Material

Recycled plastic

By

Made in

Polymer 40 Recycled 130 Plastic 17

Recycled plastic
Recycled plastic
Recycled plastic
Recycled plastic
Recycled plastic
Recycled plastic
Recycled plastic
Recycled plastic
Recycled plastic
Recycled plastic
Recycled plastic
Recycled plastic
Recycled plastic
Recycled plastic
Recycled plastic
Recycled plastic
Recycled plastic
Recycled plastic
Recycled plastic
Recycled plastic
Recycled plastic
Recycled plastic

Photos: Framez and Wavez, Magezi photography, Vanessa Mulondo

Nature Invasion 1

Nature Invasion 1 is part of the "Nature Invasion" series, a community-based, lifetime project inspired by mainly SDG number 13, which advocates for climate justice. And involves the artist collaborating with the public while working with fossil-based polymers, for example, polythene bags, plastic strips, and second-hand clothes, among others, through upcycling and recycling while using mainly the weaving technique to produce monumental sculpture installations inspired by mother nature. The artist exhibits the work on, around, and through historical architecture, supplemented by an art performance where the discourse around how man is inhabiting planet Earth is pushed further, aimed at sparking off both internal and external dialogues amongst the public. This is aimed at inspiring new or improved perspectives of the co-existence of human beings alongside other beings within the same ecosystem while posing questions like;
Who is invading who? Does it matter anyway? How can we co-exist in harmony?

Making process

The artist begins by reaching out to a specific community and studying their way of life in relation to waste management and their coexistence with plant life in a country where urbanisation is on the rise. She then expresses her desire to work with them to create a clean and healthy environment that will not only benefit their well-being but will also go above and beyond in supporting plant life through its coexistence alongside man's built environments, thereby contributing to climate justice. Thereafter, interested members of the community join the artist and start collecting poorly disposed fossil-based polymers, for example, within the soil, and water bodies, among other places. This inspires the next stage, which involves a thorough cleaning, where the collected materials are washed and sun-dried before being stored. This is followed by the welding stage, where the artist, still in collaboration with the community, constructs strong armatures inspired by the extinct plant species; as a result of man's practices like bush burning, deforestation, overharvesting, and swamp reclamation, to mention but a few. Using acrylic paint, the metal armatures are then treated to prevent them from rusting. This creates a fertile ground for the weaving technique, which involves the collected fossil-based polymers being used to create a strong and aesthetically appealing network, whose starting and ending points are difficult to determine. The end product is then treated with some paint to give it a physical effect similar to that of natural plants. Finally, the artwork is installed on a given architectural structure while following a given layout and design concept, hence allowing the public to interact and engage with it by viewing it from a distance and walking through it. In conclusion, a collective art performance is conducted using costumes and props inspired by plant life and made using fossil-based polymers.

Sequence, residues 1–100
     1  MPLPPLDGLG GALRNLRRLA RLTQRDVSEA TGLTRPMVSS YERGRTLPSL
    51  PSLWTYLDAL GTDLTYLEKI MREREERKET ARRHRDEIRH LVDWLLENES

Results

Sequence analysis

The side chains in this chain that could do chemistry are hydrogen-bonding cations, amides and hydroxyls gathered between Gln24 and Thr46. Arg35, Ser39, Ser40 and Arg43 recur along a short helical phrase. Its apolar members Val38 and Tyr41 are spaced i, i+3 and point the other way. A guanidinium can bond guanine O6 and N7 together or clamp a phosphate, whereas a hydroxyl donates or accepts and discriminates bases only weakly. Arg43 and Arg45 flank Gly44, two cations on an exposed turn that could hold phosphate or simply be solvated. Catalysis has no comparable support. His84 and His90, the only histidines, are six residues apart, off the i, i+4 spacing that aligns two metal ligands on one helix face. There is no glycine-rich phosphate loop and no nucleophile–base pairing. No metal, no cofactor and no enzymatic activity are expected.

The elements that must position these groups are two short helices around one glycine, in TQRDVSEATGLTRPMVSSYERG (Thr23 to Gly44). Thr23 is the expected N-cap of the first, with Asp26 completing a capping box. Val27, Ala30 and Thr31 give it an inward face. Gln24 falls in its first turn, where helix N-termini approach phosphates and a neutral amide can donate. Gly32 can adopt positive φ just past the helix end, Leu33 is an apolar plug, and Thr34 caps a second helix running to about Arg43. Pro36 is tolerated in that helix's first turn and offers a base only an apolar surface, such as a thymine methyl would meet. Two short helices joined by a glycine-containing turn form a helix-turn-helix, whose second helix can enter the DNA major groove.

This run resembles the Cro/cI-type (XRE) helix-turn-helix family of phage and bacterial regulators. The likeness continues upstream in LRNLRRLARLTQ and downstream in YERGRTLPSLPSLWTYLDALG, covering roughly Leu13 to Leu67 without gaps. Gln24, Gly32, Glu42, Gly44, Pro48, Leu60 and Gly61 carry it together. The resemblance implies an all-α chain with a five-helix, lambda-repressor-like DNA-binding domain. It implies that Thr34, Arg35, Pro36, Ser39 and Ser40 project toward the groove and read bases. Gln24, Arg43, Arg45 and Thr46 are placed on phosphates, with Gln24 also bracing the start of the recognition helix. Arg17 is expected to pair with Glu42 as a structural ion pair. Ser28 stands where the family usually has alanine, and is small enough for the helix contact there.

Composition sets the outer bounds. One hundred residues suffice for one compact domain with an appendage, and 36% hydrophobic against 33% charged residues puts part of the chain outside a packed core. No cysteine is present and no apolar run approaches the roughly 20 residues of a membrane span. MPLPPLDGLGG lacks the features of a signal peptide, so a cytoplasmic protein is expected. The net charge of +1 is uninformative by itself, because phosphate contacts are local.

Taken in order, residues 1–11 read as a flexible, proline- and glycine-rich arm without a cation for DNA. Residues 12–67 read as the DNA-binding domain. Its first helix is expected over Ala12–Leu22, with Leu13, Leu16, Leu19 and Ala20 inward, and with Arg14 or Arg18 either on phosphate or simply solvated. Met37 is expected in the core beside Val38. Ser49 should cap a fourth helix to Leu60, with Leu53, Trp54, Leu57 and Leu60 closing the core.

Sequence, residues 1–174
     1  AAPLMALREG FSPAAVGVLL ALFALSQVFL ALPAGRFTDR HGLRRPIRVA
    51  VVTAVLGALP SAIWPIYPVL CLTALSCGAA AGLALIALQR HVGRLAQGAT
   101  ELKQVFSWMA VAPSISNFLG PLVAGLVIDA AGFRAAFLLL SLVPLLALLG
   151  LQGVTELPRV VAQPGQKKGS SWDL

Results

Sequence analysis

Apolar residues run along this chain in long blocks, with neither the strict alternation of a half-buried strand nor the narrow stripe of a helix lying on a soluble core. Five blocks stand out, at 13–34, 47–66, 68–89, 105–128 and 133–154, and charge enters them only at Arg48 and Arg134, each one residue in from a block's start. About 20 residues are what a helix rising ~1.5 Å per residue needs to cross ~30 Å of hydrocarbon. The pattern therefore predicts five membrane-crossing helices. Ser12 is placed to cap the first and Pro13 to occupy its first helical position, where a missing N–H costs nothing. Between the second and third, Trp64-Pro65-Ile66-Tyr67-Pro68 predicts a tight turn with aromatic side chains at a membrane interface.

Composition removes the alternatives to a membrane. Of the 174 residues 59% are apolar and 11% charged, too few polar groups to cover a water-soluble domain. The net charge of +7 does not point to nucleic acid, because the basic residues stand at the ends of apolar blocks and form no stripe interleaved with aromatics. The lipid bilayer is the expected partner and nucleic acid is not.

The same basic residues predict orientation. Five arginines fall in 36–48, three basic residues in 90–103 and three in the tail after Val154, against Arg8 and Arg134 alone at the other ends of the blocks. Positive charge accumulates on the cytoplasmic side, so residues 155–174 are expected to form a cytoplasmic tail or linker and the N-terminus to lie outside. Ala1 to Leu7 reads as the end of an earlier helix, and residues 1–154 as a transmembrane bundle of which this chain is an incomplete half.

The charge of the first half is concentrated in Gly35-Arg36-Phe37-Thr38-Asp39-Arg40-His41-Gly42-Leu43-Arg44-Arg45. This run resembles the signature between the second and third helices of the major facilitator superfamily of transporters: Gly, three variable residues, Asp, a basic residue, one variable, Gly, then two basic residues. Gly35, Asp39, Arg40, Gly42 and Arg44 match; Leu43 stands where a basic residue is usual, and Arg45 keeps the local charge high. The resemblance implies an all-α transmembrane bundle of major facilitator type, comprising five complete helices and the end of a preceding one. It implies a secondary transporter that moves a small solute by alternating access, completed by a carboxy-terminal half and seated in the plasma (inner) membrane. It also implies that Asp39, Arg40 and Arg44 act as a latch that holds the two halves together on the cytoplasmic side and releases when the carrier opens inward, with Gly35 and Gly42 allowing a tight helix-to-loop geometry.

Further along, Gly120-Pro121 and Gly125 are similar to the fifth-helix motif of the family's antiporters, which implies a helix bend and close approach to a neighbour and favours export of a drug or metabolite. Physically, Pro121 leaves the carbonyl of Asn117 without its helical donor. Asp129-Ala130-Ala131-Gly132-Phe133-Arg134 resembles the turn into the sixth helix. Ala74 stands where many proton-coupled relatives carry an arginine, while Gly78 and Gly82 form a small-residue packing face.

Text submitted by the maker and edited by the Future Materials Bank. For information about reproducing (a part of) this text, please contact the maker.

Ingredients

Metal, wire mesh, polythene bags, plastic strips used for packaging second-hand clothes, acrylic paint, rubber and binding wire.

Credits

This project was sponsored by 32 Degrees East Ugandan Arts Trust, the artist collaborated with mad welders and the Namere community.